Police exercise the state’s monopoly of legitimate use of force, a fundamental state function that shapes the construction of citizenship. What are the implications for citizenship when that monopoly is profoundly contested and unevenly distributed? This article explores this question in Latin America, where police confront historically high rates of crime and violence in the context of uneven state capacity and pervasive social inequality. Throughout Latin America, citizens lack the security necessary to engage in everyday political, economic, and social activities that are constitutive of citizenship, resulting in constrained citizenship. At the same time, citizens’ everyday interactions and relationships to police reproduce existing social inequalities along lines of race, class, and geography, resulting in stratified citizenship. These policing practices and the concomitant constraints on and stratification of citizenship are mutually reinforcing, with troubling implications for state formation and democracy in the world’s most violent and most unequal region.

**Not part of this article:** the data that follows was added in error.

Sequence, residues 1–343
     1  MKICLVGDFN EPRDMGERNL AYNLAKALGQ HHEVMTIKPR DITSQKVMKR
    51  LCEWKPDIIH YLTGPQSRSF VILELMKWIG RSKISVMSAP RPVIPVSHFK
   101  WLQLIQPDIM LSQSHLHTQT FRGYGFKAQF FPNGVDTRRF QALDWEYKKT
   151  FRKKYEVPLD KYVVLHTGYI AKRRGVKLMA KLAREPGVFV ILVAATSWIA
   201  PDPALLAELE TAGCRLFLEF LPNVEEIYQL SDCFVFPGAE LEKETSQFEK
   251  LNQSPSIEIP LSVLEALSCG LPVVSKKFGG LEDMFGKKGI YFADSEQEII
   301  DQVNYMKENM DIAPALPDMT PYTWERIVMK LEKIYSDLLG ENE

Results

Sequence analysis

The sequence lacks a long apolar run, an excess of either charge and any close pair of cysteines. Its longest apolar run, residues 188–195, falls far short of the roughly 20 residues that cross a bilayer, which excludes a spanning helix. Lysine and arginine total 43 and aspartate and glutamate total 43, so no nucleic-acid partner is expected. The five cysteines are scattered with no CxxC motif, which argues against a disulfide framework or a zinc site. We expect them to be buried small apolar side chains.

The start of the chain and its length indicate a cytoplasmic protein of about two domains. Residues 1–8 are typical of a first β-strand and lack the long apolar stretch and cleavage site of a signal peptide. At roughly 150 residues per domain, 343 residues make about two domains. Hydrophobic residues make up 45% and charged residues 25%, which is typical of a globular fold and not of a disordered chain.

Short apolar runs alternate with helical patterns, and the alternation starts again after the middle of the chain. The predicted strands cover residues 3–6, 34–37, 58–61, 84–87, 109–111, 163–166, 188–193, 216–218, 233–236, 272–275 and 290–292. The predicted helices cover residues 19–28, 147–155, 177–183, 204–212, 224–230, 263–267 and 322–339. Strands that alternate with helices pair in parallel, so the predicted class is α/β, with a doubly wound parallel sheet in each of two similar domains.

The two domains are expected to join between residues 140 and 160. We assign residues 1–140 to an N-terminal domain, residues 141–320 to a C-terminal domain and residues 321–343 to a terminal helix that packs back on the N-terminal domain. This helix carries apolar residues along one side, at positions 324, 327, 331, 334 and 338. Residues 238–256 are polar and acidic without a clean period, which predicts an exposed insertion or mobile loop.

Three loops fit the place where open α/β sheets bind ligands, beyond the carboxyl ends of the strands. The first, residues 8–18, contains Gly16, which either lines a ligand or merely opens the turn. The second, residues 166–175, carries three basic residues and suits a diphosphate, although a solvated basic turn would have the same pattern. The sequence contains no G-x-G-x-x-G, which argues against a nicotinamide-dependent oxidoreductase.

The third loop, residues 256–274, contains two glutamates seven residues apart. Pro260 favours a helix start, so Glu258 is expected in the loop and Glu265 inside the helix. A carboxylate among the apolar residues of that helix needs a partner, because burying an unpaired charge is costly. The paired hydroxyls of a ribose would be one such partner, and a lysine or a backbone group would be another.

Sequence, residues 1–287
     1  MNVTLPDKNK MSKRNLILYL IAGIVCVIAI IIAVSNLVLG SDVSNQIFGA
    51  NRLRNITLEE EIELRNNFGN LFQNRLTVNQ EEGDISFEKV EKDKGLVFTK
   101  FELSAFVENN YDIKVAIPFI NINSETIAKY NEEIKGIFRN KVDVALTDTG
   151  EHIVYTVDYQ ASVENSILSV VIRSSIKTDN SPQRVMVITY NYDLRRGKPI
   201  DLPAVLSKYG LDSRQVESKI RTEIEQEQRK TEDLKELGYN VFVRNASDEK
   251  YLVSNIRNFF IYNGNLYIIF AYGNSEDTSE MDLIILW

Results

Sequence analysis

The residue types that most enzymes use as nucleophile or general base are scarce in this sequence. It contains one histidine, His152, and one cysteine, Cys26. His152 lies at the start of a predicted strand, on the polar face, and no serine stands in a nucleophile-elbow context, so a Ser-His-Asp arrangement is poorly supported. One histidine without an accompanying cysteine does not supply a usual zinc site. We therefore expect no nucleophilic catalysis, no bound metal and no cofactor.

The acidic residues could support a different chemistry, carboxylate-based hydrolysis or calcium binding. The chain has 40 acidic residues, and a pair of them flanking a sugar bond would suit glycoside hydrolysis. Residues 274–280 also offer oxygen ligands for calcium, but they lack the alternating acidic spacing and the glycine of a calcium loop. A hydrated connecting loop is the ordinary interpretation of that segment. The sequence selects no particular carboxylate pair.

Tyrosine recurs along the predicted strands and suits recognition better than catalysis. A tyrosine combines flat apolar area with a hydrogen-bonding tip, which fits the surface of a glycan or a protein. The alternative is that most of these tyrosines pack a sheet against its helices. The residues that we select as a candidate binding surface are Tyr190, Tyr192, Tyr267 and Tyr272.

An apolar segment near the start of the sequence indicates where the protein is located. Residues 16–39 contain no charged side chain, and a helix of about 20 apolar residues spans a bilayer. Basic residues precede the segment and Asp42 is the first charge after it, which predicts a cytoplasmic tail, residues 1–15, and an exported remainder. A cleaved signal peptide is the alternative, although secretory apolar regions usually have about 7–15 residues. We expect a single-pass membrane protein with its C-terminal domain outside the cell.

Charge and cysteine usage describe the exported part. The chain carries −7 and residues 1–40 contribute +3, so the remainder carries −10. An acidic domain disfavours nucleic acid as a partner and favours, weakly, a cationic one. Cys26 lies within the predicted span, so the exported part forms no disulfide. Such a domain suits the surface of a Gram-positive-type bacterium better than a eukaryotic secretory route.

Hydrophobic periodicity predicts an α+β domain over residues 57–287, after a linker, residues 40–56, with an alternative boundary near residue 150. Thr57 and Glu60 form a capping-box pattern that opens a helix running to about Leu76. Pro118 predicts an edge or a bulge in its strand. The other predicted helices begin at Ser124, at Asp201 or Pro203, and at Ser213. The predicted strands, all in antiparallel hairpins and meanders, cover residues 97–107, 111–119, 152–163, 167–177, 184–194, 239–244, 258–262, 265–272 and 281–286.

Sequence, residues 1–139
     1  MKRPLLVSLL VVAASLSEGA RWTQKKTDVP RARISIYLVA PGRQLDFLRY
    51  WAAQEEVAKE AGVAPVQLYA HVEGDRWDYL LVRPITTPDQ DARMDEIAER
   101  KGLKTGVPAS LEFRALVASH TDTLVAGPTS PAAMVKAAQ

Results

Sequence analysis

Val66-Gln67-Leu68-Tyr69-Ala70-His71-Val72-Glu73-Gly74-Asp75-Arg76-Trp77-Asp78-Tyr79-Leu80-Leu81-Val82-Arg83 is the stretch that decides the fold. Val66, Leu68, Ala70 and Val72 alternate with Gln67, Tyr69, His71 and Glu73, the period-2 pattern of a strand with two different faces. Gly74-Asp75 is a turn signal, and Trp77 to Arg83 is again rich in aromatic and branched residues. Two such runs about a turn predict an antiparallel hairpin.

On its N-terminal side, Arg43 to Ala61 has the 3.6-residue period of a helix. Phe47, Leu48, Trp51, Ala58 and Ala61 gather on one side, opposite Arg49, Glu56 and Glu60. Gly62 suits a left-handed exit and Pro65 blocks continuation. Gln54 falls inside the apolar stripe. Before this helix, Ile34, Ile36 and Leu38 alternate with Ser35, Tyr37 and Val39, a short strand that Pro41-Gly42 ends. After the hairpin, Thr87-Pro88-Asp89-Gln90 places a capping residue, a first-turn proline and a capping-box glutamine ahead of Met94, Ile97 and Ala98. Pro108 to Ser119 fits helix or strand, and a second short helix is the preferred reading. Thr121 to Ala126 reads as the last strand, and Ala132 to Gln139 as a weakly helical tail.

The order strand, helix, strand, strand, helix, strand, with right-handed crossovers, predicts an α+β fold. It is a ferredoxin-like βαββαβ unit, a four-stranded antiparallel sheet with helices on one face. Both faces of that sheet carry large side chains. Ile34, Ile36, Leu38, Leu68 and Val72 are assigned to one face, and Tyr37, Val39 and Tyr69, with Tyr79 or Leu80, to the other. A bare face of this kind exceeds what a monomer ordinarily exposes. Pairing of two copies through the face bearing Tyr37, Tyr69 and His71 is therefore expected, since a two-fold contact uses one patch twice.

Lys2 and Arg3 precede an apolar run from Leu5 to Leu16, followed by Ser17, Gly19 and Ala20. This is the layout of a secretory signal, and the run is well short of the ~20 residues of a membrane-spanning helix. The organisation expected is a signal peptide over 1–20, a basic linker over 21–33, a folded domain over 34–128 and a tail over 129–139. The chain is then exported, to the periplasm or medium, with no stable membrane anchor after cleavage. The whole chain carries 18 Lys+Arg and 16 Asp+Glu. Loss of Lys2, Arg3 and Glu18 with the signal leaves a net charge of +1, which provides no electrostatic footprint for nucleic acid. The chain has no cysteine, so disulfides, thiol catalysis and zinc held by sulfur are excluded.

Gonzalez, Yanilda. "“What Citizens Can See of the State”: Police and the Construction of Democratic Citizenship in Latin America." Theoretical Criminology 21.4 (October 2017): 494-511.